Mirrored Classical Panels – How to Get the Look
Mirrored panels are exquisite. This one is a Salon in our Paris Embassy. I have never seen one I didn’t love. It is more difficult to create a mirrored panel today because we begin with drywall usually and add the molding. When you have a mirror obviously there is the mirror edge that you have to deal with. Beaux-Artes has a Neoclassical Panel kit specifically designed to accommodate the relief of a mirror or a piece of MDF which we like to use for Venetian Plaster applications.
The corner measures 10-3/4″ x 10-3/4″. The kit comes with 16′ of molding and retails for $349.
It will turn any size mirror into a decorative wall panel. The Beaux-Artes’ Neo-Classical mirror panel is the easiest way to add great decorative ornament to a mirror. The ornament is from the Louis XVI, or Neo-Classical era. It combines a garland and shell with two s curve acanthus leaves. It was very fashionable 325 years ago and is still in style today.
From the back of the ornament you can see how it is designed to accommodate the mirror and the molding.
Fashion Designer Zang Toi transformed this early 20th-century New York City apartment. The fireplace over mantle is a knockout!
Love this mirrored bonanza. The Piano Suite designed by Diane van Furstenberg at London’s Claridge Hotel.
How To achieve a Mirrored Over-Mantle Panel Design
This is one of our projects.
Over-mantels are present in practically all surviving classic homes.
However it is unusual to see them in new homes of traditional designs. If you are looking for something unique which will have a big impact in your living room consider an over-mantel. You probably already have a nice fireplace with a mantel. So all you have to do is continue that same design up to the ceiling.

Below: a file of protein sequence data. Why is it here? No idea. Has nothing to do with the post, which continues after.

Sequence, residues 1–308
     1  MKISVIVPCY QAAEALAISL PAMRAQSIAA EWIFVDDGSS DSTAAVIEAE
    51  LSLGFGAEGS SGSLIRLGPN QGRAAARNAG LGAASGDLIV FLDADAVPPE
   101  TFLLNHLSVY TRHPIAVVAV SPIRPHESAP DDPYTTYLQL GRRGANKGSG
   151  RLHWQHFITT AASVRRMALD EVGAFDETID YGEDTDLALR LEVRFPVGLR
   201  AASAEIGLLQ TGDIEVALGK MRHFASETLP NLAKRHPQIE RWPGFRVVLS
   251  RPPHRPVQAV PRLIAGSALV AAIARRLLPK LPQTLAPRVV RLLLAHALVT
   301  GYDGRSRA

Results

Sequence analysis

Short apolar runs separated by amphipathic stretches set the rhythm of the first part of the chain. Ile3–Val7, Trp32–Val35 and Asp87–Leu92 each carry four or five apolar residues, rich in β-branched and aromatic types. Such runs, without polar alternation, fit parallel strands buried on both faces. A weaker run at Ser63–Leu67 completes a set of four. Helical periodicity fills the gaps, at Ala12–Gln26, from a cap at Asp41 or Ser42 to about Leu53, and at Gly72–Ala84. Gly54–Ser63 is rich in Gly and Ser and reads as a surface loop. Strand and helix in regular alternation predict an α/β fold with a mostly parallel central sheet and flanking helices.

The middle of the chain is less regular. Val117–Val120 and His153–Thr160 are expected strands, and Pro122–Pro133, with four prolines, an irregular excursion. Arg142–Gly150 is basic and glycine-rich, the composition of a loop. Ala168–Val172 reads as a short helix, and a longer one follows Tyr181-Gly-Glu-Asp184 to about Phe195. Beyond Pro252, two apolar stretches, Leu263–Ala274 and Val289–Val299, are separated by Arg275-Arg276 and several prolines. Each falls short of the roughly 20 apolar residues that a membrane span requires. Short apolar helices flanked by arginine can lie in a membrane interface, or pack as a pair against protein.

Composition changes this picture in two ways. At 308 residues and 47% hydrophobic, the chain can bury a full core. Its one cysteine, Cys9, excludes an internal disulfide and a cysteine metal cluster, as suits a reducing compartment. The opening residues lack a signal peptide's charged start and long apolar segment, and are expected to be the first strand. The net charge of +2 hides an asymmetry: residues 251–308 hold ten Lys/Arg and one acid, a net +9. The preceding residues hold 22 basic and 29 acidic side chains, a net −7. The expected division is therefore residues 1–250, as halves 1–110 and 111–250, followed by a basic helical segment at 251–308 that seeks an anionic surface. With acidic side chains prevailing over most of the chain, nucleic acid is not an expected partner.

In the photograph above we designed an over-mantel with a mirrored center for a client. Their fireplace was already in place, we just built an over-mantel in our shop and installed it over the fireplace mantel in a matter of minutes. That was the easy part.
Making the over-mantel in our shop was the difficult part. We selected the ornament from Decorator’s Supply.
The mirror complicated the design and construction of the over-mantel. The mirror needed to be set into the back of front fascia panel. To make it all work we needed to rout out the back of the MDF panel 1/4″ deep to fit the mirror. The mirror was rectangular but it looks like it has an arched top from the front. In addition, the two narrow side panels were also made from a 1/4″ masonite sheet which was also inserted into the fascia board from the back. Back then we cut the notches on the back with a hand router. Now we would use our computer controlled router to do all the heavy work.
After the parts were designed and cut, they were painted and faux finished prior to assembly. If you want to use different colors and finishes, then you have to paint the parts before they are put together.
Then we carefully attached the pre-painted compo ornament and matching molding to the fascia panel. The compo and the molding was attached part on the fascia panel and part left to cover the seam where the mirror would fit. The last thing we put into place was the mirror.
The crown molding header was intentionally not attached to the rest of the over-mantel before installation. We cut the over-mantel fascia about a 1/2″ short of the ceiling so that it would be easier to put in place. After we secured the over-mantel to the wall, we used the crown header to hides that 1/2″ gap. That was one of the reasons that it was so easy to put up over the fireplace.
When we looked at how much the over-mantel changed the room, we wondered why more houses don’t have them.
Then there is a panel with a framed mirror hanging in it.